Medicaid Reforms Needed as Welfare Spending Surpasses Education

MARCH 11, 2011 | by ELIZABETH STELLE

Under Gov. Corbett's budget proposal, Pennsylvania would spend more on welfare than education for first time. A large chunk of that welfare spending is in Medicaid, a joint state-federal program that provides low quality health care. In some cases, Medicaid patients receive worse care than those with no health coverage.

Medicaid consumes 31 percent of the state budget—the largest share of any state, according to acting Department of Public Welfare Secretary Gary Alexander. Additional mandates under Obamacare are estimated to increase Medicaid costs by $841.2 million, on top of this growth. At the same time, Congress and the Obama administration tie the hands of state officials to make much needed reforms.

Pennsylvania is not alone; Texas is experiencing a 9 percent growth in Medicaid costs annually, only to be accelerated as Obamacare comes into full fruition. Our friends at the Texas Public Policy Foundation have outlined a complete revamping of Texas' Medicaid program called TexHealth. The reforms mirror successful pilot programs in Florida.

TexHealth would give beneficiaries control over limited Medicaid dollars to spend on the doctors and services they value. The amount of the subsidy would be tied to a sliding scale based on income and assets. TPPF estimates the program could serve more Texans than are served now, for less money.

Under a defined contribution plan, TexHealth will provide better access to health care services and be available to potentially 4 million more individuals than currently served, for less money... Initially, the state would spend $22.26 billion per biennium in subsidies to low-income Texans, $12.4 billion on long-term services and support, and $9.22 billion for implementation and administration. This would total 5 percent less than the state spent on Medicaid in the 2008-2009 biennium.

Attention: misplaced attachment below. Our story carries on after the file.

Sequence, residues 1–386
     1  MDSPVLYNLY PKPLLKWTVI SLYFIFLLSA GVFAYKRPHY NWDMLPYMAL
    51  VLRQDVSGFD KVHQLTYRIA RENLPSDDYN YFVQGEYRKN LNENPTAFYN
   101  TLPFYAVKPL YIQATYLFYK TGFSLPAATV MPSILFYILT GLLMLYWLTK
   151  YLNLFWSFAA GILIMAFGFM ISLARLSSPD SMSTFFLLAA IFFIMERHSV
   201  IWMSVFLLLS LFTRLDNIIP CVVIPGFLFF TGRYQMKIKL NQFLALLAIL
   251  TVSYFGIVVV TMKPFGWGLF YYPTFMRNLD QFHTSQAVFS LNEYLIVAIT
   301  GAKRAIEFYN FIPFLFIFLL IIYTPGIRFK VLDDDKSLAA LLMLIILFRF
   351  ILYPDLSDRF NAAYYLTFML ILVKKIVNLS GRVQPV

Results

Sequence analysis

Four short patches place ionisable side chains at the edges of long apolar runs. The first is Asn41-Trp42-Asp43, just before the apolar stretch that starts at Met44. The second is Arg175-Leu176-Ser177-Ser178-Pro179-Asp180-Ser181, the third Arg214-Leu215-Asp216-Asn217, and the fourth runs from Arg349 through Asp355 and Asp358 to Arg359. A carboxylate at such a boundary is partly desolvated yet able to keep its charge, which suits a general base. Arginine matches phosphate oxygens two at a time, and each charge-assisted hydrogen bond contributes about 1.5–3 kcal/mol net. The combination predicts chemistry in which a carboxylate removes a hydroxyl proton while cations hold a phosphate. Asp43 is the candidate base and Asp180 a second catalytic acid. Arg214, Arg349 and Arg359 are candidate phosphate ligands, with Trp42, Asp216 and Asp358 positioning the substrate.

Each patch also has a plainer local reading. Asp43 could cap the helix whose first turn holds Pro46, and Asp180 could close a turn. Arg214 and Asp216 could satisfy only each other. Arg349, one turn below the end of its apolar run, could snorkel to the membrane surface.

The tricky part is convincing Washington to untie the hands of state officials to implement reform. TPPF suggests three possible methods to restore state control over the Medicaid budget:

  • Joining an interstate compact.
  • Requiring a health insurance exchange to put Medicaid clients into a subsidized, private insurance market.
  • Applying for a 1115 waiver from the feds.

Pennsylvania should consider similar reforms and submit a waiver to put all Pennsylvanians in charge of their health care dollars—not bureaucrats. Encouraging more personal responsibility is the only way to improve the quality of care and keep health care costs from consuming state budgets.



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